The concept of identity has been defined as an internalized psychic system that integrates an individual’s inner self and the outer social world into a congruent whole. The integration of a personal self and social outer world has been viewed as a developmental process and one that, according to Erik Erikson, requires the individual to synthesize fragments of childhood identifications into a single structure during late adolescence and early adulthood. Identity formation has long been viewed in this way; however, the notion that individuals synthesize fragments of childhood identifications into a single structure during adolescence may no longer be an adequate model in which to fully understand the development of identity. Many researchers and theorists now contend that traditional theories of identity development do not fully explain the development of an individual’s group or social identity such as gender, ethnicity, class, and sexual orientation. A prominent criticism of foundational theories of identity development is that they were constructed based on traditional Eurocentric individualistic culture. Consequently, traditional theories may not aptly apply to women, non-White European racial/ethnic groups, and collectivistic cultures whose family systems, cultural norms, and developmental milestones may be different from traditional Eurocentric cultural patterns. It is at this point that psychologists began looking at elements of personal identity and the sociopolitical and cultural forces that affect identity.
Much of the research examining identity has focused on traits or dynamics that are considered universal for all human beings (e.g., self-esteem, introversion-extraversion, and levels of anxiety) regardless of race, culture, gender, sexual orientation, or class. At this level, researchers and clinicians treat human experiences as being similar, for example, the experiences of aging, coping with life stress, and interpersonal relationships. However, the extent to which any one of these traits and dynamics may be high or low, prominent, amplified, or muted differs as a result of sociodemographic categories such as culture, class, gender, ethnicity, or sexual orientation.
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All individuals must merge cognitive, emotional, and social factors to construct one’s sense of self. Although the process of integration is similar for many people, Erikson’s theory does not account for differences people may experience while integrating multiple identities based on demographic categories (e.g., gender, race, sexual orientation, physical ability). An individual’s unique traits and characteristics, family dynamics, cultural and ethnic norms, beliefs and attitudes, and experiences of oppression significantly contribute to the development of one’s inner self and social outer world. These factors may either inhibit or facilitate the developmental process of exploration, resolution, and commitment needed for the expression and saliency of one’s identity. As the field of psychology has incorporated a broader understanding of identity, many researchers and theorists have come to recognize that individuals are cultural beings and are affected differently by various dimensions of personal identity and contextual factors. The relationship between psychological and socio-cultural forces in individuals’ lives has expanded conceptualizations of the manner in which individuals develop awareness and acceptance of themselves in relation to self, others, their place and definition in society, and membership(s) in social groups.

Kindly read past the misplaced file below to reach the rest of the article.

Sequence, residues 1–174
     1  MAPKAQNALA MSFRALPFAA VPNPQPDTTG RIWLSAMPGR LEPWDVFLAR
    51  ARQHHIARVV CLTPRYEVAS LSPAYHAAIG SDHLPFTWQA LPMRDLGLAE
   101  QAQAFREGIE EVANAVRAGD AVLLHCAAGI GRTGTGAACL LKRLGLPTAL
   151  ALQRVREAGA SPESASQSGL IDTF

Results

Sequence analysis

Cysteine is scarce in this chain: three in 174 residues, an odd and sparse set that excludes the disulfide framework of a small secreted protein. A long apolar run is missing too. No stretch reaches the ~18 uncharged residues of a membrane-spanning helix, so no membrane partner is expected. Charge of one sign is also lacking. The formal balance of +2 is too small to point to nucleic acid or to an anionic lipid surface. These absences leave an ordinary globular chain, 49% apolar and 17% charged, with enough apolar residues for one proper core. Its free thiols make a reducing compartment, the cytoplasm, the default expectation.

Social and Group Identity
Henri Tajfel’s social identity theory is an integration of social psychological theories that describe the process by which individuals identify with respective social groups. People categorize themselves and are categorized by others in terms of social reference groups, which often serve to maintain shared attitudes, beliefs, and values common to insider members. A feeling of “belonging” is an important aspect of every person’s sense of self. Social groups help create a frame of reference that contributes to an individual’s place and definition in society. Personal identity development addresses the question “Who am I?” whereas social identity addresses the question “Who am I, relative to others?” The latter question is rather poignant for non-dominant group members, who often experience issues of societal oppression, discrimination, and marginalization that are connected with their group identity. When taking these factors into account, exploration of identity may include the need to be aware of, evaluate, and self-identify with respective social groups (e.g., gender, race/ethnicity, sexual orientation, class, religion), while experiencing oppression and marginalization associated with membership in those respective groups. Identification with a social group that is viewed negatively by society is filled with cognitive and affective challenges that must be negotiated and integrated with the self. Consequently, integrating inner and outer perceptions of oneself becomes a complex process, potentially involving positive perceptions of oneself on a personal level, but also having to negotiate negative perceptions of oneself as a member of a respective social group. Commitment and resolution toward an integrated “self,” as proposed by traditional identity theorists, can therefore become more challenging and difficult.